Anthony Naveed (blue jacket) leads a delegation of minorities in a meeting with Karachi University vice-chancellor Khalid Mahmood Iraqi. (Photo supplied)
A group lobbying for the rights of non-Muslims has called for a special quota for minority students at a top government-run university in Pakistan's southern port city of Karachi.
A four-member delegation from the National Lobbying Delegation for Minority Rights visited the main campus of the University of Karachi and met with its vice-chancellor Khalid Mahmood Iraqi at the weekend.
Anthony Naveed, a Catholic lawmaker from Sindh, led the delegation, which also included Hindu activists Ashothama Lohana and Jai Parkash Moorani. They told Iraqi that the Punjab government had a 2 percent admission quota for religious minorities.
“It would be a great if Karachi University also fixed a quota for minority communities,” the group said.
“Minority communities are unable to find top positions in public and private sectors because they lack resources and access to higher education in Pakistan. A quota would gradually uplift minority communities.”
The reserved seats would encourage youngsters from minority communities in Karachi and Sindh province to pursue higher education, added the group.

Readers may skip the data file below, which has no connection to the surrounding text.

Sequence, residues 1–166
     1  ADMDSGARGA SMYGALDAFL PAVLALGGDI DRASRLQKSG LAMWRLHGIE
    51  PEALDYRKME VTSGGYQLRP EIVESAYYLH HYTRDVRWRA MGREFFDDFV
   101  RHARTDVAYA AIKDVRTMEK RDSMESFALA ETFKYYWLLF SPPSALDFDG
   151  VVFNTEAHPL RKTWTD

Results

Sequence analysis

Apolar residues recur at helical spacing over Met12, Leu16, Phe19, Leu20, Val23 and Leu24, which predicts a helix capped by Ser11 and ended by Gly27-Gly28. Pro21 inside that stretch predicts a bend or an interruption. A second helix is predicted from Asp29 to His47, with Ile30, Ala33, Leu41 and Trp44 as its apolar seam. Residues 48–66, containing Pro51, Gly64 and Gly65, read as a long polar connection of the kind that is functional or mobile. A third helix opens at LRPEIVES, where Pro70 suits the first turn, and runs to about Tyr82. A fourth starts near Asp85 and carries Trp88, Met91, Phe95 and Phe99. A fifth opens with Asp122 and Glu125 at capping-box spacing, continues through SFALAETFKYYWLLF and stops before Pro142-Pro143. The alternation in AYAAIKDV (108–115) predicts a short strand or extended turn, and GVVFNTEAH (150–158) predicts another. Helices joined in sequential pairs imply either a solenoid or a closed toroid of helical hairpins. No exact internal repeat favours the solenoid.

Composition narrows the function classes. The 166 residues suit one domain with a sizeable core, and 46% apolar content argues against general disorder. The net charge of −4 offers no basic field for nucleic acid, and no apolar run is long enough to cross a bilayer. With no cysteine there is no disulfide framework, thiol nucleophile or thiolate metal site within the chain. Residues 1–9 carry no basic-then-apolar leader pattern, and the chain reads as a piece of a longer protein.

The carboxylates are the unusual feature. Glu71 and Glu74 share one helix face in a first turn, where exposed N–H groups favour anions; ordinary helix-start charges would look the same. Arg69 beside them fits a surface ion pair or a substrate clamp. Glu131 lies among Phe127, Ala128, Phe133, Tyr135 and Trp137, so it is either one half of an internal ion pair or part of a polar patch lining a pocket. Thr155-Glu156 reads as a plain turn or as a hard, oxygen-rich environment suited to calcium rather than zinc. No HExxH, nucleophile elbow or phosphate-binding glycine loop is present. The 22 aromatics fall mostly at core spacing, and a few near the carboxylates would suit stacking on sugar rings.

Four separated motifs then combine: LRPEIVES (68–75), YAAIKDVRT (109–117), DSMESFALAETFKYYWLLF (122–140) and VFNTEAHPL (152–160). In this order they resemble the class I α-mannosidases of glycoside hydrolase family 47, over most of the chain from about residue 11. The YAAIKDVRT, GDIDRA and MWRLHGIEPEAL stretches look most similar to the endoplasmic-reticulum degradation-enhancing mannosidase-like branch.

“The matter will be taken up at the relevant platform and hopefully Karachi University will be offering a special quota by 2021,” Iraqi told the minority group.
The university would also like to arrange scholarships and financial aid for them, he added.
Naveed said he would request the Sindh government to allocate funds for scholarships from the relevant ministry.
In May, Punjab became the first province to set a quota for students from religious minorities in higher education institutes in a measure long sought by Pakistani activists.
The provincial cabinet on April 30 approved a 2 percent quota for non-Muslims in universities under its Punjab Minorities Empowerment Package.
Christians are the largest non-Muslim minority in Punjab and make up 2.6 percent of the province’s population of 110 million, according to the 2017 national census.
“Our youth belonging to minorities have been facing issues in getting high-end jobs under the 5 percent quota because of a lack of highly educated candidates. This will help them in getting better education and securing a better future for their families,” Punjab Chief Minister Usman Buzdar tweeted.
“Every segment of our society has served Pakistan well and it is our responsibility to ensure their welfare and, inshallah, we won't fail our minorities.”